A case for strong institutionsBy Dakuku Peterside
All men of goodwill who look forward to a more progressive and equitable world appreciate the tremendous good Transparency International, TI does with its periodic verdict on nations and institutions across the globe. Sometimes I just wonder what our world would look like without watchdogs like Transparency International that continually reminds us about the way we are.
Recently, TI released the 2013 Global Corruption Barometer, GCB and rated political parties and the Nigeria Police as the most corrupt institutions in Nigeria. TI’s 2013 GCB is a product of interviews with a total number of 114,000 respondents across 107 countries between September 2012 and March 2013. The Berlin-based organisation said the primary aim of the 2013 GCB report was to explore respondents’ personal experiences of paying bribes for government services on one hand and on the other, to gauge perception of the integrity of major public institutions. There is also TI’s desire towards a better understanding of the willingness and disposition of citizens in countries under review to fight corruption.
From TI’s investigation, Nigeria is among the 88 countries where anti-corruption effort is ineffectual. This verdict is ominous. Yet it has not provided leads or talking points in our media. This important issue was merely reported and left alone. I am sure I did not see follow-ups. So why are we not paying the needed attention to this uncomplimentary report which has the capacity of stalling our investment drive and growth efforts?
If corruption is any abuse of a position of trust, either by an individual or an institution to gain an unfair advantage, then this report by TI is incontrovertible. I know corruption has many layers but this report reminds me again of some of our nation’s recent experiences that are not only irritating but reprehensible and regrettable.
Two institutions that characterise the existence and flourishing of democracy in any country are the party system and the institution of parliament. If one of the institutions, political parties carry the moral burden of being the den of corruption, then it is right to conclude that our democracy is sick. The other institution that shapes the growth of democracy is the police which help primarily in the maintenance of law and order in a purely democratic setting. This institution has been described in the TI report as the bastion of corruption with no ray of hope.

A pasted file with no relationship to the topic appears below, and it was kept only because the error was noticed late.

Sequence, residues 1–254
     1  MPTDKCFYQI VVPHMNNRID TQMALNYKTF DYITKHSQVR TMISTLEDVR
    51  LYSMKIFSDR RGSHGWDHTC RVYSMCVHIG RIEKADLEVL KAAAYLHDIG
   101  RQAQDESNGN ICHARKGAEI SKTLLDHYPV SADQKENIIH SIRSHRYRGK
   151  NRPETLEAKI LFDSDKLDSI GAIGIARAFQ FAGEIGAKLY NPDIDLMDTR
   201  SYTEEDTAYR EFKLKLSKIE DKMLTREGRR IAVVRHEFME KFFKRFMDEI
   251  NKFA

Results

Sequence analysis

If these two institutions (political parties and the Police) that I consider most critical to the growth and survival of democracy and our country Nigeria has been described in such very uncomplimentary terms by TI GCB report, then where lies our hope?
Have our political parties derailed from its lofty objective of seeking to influence or entirely control government course of action, usually by putting forward candidates with aligned political views? Your guess is as good as mine. But I hate to think like a few of our compatriots who are of the opinion that Nigeria is in reverse gear. Of late, I just noticed that some us are becoming more romantic about our past republics, particularly the Second Republic politics. Despite the shortcomings of that era, it still remains one of the most colourful and vibrant republics, that is if the focus is on political parties.
Many still remember principal characters of that era like Augustus Meredith Adisa Akinloye, national chairman of National Party of Nigeria, NPN and how he and his colleagues at the commanding height of NPN leadership held sway on every party issue. At the time, Alhaji Shehu Shagari was a member of NPN and president of Nigeria, yet he submitted himself to party rules and regulations. All that changed with the emergence of Chief Olusegun Obasanjo in 1999 and as they say, the rest is history.
Today, political parties are extensions of individuals’ or group’s personal estates. There is complete absence of principles, discipline, solidarity, group interest and camaraderie. A party member could be sanctioned at the flimsiest of excuses. While some have been suspended for their perceived popularity, others have suffered similar fates either for fraternizing with members of other parties or for holding a different view. At the bottom of the scramble we see in our parties is the desire to highjack party machinery for personal and selfish gains, and corruption is always the destination.
Yes, abuse of position of trust is corruption and this is prevalent in our parties. Nigeria’s political parties must therefore look inwards and seek ways of ensuring that there is a level playing ground for every member. And to avoid a repeat of such an unflattering report in future like this one from TI, our parties must return to their traditional roles of seeking to influence government through their members with aligned political views. They must also stop forthwith, all forms of witch-hunt and intimidation against vocal members and perceived enemies.
For the Nigeria Police, I am not under any illusions, it is a long walk. TI’s verdict therefore is something that is already known to Nigerian people.